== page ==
BLUEFIELD – A couple is suing TransCanada USA Services after they claim it and others damaged their property when constructing a pipeline near their property.
Columbia Pipeline Group Services Company; Columbia Gas Transmission; Charles E. Weikle; and Bruce S. Reynolds were also named as defendants in the suit.
In April 2014, Columbia Gas began constructing and installing a pipeline on and adjacent to the plaintiff’s property in Peterstown and, during the construction and installation of the pipeline, Columbia Gas utilized bulldozers, logging equipment and other heavy machinery to cut down trees and eliminate the woodland surrounding the plaintiffs’ property in order to expand the right-of-way for the pipeline, according to a complaint filed Aug. 16 in Monroe Circuit Court.
Columbia Gas expanded an already existing right-of-way from approximately 12-feet wide to a newly constructed right-of-way that was more than 80-feet, according to the suit.
Daniel Tickle and Cathy Tickle claim during the expansion, it removed all vegetation, eliminated the mature woodland and increased the slope of the land.
As a result, the plaintiffs’ land and adjacent lands became steeper and more angled toward the Tickles’ property and home, according to the suit.
The Tickles claim Columbia Gas did not install silt fences or water diversion barriers that would control or eliminate water and sediment runoff from the newly expanded right-of-way onto the plaintiffs’ property.
Instead, Columbia utilized bulldozers to move the stripped timber, brush, original topsoil and other debris from the downward-sloped portion of the right-of-way to the upward-sloped portion of the right-of-way, according to the suit.
The Tickles claim as a result, they experienced significant water and sediment runoff from the newly expanded right-of-way onto their property, which flowed into their backyard, through their retaining wall, onto their driveway and into their basement.
The plaintiffs made Columbia Gas aware of the runoff issues and, in response, Columbia sent representatives to install a silt fence at the top of the right-of-way. Columbia Gas also planted grass and added new topsoil in an attempt to control the flow onto the plaintiffs’ property when it rained, according to the suit.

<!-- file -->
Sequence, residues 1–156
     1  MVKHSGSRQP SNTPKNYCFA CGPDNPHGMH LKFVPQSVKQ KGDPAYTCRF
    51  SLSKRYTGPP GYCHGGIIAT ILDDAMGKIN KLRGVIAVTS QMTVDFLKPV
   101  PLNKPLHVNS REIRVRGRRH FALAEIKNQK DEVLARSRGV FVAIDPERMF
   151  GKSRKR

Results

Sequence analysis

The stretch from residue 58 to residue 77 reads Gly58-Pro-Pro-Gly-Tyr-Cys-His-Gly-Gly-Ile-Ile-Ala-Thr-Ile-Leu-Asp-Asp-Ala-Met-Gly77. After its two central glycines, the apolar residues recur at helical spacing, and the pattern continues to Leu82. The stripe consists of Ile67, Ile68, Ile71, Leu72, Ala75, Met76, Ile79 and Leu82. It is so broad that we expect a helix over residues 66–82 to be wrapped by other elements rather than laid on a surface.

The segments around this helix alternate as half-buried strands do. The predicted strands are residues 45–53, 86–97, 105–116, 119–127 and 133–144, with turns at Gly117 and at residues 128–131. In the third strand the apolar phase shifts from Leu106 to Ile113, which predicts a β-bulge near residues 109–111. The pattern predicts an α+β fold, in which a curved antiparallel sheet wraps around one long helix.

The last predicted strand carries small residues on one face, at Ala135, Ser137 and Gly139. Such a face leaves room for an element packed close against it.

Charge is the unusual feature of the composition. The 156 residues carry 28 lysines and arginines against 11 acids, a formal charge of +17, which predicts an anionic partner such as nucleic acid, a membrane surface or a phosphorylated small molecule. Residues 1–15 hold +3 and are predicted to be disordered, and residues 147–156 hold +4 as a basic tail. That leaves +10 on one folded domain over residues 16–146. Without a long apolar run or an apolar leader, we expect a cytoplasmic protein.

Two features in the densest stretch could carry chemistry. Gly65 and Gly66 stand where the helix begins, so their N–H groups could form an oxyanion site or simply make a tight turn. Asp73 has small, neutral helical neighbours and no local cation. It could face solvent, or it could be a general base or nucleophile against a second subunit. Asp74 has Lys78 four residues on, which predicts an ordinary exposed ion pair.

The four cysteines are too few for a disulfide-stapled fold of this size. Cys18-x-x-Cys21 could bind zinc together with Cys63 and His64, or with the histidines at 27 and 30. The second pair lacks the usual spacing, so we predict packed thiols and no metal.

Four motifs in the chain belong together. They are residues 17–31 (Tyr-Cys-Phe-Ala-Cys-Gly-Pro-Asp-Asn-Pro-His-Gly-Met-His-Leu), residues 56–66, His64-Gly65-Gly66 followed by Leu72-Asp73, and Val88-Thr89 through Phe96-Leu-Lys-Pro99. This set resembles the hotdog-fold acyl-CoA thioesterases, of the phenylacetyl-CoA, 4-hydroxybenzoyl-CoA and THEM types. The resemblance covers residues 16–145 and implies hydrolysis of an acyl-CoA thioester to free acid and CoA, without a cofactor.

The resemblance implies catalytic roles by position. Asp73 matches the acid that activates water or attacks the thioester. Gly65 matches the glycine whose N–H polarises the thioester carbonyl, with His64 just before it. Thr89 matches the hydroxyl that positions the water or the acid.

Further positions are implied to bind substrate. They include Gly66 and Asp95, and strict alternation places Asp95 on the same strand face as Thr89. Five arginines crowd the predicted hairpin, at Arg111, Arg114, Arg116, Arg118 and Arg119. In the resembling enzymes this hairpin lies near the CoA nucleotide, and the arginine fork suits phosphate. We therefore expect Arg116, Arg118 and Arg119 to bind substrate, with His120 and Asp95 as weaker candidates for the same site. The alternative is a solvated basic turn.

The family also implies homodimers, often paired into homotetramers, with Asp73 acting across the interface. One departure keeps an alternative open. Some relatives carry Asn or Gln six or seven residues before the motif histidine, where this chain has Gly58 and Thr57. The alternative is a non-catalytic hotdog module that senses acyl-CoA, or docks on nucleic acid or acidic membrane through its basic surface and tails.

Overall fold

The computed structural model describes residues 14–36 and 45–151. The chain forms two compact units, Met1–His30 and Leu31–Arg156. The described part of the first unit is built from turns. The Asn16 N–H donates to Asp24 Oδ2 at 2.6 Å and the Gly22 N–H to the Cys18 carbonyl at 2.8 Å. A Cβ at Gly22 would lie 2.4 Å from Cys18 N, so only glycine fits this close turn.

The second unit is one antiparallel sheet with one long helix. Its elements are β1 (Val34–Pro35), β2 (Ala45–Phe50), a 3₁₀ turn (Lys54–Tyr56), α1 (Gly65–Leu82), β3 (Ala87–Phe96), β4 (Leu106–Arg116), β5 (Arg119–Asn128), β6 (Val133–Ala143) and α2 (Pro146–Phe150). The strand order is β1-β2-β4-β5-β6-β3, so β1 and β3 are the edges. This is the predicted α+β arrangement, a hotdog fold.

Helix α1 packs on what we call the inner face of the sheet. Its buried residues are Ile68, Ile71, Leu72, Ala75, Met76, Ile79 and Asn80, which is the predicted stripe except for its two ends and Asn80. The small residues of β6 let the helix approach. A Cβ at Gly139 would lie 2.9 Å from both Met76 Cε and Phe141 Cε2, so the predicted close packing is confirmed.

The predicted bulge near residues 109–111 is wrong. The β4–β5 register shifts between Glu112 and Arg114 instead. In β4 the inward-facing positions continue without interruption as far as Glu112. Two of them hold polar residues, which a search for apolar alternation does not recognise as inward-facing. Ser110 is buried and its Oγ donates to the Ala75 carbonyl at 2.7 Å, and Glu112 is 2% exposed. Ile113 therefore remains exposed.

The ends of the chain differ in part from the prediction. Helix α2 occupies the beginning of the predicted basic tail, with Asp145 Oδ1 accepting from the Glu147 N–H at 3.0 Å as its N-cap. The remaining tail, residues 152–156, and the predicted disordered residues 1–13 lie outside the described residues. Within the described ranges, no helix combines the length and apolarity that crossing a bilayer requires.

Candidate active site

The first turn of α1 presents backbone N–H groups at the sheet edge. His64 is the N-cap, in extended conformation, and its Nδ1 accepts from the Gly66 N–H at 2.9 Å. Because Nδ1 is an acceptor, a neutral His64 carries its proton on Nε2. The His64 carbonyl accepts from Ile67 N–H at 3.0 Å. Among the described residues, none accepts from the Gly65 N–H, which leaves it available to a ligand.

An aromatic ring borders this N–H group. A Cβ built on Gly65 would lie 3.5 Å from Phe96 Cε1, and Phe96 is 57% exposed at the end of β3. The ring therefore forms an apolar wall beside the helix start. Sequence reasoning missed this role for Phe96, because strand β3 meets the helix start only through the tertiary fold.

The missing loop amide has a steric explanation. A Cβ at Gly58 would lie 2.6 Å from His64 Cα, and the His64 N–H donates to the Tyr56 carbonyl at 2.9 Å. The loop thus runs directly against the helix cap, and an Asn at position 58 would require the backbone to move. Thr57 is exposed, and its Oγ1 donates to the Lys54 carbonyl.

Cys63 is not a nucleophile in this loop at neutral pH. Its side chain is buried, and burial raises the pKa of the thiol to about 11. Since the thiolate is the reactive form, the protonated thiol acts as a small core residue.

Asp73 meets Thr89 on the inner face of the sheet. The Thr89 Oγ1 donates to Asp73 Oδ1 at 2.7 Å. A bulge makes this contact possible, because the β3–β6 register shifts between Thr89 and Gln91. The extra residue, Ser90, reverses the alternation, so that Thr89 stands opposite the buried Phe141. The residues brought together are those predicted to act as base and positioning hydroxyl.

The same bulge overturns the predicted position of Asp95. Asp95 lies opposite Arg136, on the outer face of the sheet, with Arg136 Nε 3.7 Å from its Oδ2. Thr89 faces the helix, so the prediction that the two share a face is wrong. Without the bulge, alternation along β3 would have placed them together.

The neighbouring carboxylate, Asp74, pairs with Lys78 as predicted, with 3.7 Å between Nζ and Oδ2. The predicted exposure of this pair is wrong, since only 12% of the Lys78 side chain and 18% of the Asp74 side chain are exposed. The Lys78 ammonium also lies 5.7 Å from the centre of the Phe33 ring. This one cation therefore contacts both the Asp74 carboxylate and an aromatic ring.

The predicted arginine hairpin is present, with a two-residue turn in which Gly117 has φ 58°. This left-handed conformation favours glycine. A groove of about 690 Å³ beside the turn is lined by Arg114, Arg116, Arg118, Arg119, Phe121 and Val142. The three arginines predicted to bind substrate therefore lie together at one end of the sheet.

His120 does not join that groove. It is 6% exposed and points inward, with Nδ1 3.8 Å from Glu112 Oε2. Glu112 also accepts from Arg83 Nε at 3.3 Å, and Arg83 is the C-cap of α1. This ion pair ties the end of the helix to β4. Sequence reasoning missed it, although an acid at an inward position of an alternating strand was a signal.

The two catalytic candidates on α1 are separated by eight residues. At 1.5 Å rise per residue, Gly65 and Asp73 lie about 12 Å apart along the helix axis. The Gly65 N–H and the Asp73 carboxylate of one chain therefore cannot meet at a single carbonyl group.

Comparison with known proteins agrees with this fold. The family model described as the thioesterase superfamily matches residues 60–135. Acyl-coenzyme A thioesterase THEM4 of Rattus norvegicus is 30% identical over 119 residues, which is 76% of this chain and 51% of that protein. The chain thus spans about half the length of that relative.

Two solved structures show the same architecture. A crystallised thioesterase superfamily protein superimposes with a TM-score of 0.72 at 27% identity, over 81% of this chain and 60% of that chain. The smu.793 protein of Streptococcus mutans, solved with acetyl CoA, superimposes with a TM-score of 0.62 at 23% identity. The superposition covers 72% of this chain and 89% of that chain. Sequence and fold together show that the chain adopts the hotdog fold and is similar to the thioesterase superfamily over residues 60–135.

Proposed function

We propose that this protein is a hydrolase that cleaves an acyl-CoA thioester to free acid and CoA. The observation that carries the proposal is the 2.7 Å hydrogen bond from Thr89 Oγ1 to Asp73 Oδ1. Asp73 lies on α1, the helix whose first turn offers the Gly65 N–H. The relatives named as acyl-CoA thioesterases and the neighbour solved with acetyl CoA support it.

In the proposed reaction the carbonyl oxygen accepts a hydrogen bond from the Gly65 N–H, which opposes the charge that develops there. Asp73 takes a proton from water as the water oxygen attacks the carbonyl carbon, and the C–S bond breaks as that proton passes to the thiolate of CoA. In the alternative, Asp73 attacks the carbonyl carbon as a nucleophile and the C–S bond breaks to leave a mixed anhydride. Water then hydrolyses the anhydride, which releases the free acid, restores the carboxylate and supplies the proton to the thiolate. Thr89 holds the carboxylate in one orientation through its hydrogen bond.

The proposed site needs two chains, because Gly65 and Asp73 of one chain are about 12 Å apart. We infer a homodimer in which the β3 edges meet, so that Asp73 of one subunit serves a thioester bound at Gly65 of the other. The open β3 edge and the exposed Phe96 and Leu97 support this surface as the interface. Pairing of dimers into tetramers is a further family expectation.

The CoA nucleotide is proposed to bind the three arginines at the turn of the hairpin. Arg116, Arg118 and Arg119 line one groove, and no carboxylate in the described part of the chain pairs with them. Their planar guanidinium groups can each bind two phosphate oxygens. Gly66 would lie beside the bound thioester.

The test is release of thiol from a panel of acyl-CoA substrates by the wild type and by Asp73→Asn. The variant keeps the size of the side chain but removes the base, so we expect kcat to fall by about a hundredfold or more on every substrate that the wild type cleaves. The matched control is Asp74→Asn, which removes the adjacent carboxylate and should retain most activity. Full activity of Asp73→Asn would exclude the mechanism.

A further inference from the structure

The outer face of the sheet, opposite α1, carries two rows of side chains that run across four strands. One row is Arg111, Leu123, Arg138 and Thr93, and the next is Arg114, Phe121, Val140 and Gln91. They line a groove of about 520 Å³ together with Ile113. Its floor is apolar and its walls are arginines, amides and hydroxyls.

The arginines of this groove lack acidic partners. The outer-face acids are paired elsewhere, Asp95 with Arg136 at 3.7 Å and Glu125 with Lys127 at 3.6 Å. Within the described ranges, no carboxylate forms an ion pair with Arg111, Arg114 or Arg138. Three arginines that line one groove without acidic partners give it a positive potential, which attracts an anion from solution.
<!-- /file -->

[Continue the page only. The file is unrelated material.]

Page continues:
The Tickles claim the remediation efforts were unsuccessful and Columbia again attempted to control the water and sediment runoff by creating and widening drainage ditches and adding more topsoil and more grass seed on the expanded right-of-way.
The second attempt was also unsuccessful and, in early 2015, Cathy Tickle informed Weikle from Columbia Gas about the ongoing issues with runoff water and sediment and Weikle assured her that it would be remedied immediately, according to the suit.
Columbia Gas soon again returned to the plaintiffs’ property, but no additional remediation efforts were performed and in Spring 2016, Mike Radford from Columbia visited the plaintiffs and promised that Columbia would fix the issues, according to the suit.
The Tickles claim on Aug. 16, 2016, Radford stated that Columbia hoped to being work on the property the next week. On Sept. 16, 2016, Reynolds e-mailed the plaintiffs and informed them that Columbia would not honor Radford’s promise and would no longer even attempt to solve the ongoing problems and property damage caused by the water and sediment runoff from the right-of-way.
The defendants actions were negligent; and were a negligent and intentional infliction of emotion distress, according to the suit.
The Tickles are seeking compensatory and punitive damages. They are being represented by Brian J. Headley and Jason S. Ballard of Headley Ballard.
The defendants are represented by Peter J. Raupp, John J. Meadows and Devon J. Stewart of Steptoe & Johnson.
U.S. District Court for the Southern District of West Virginia case number: 1:17-cv-03992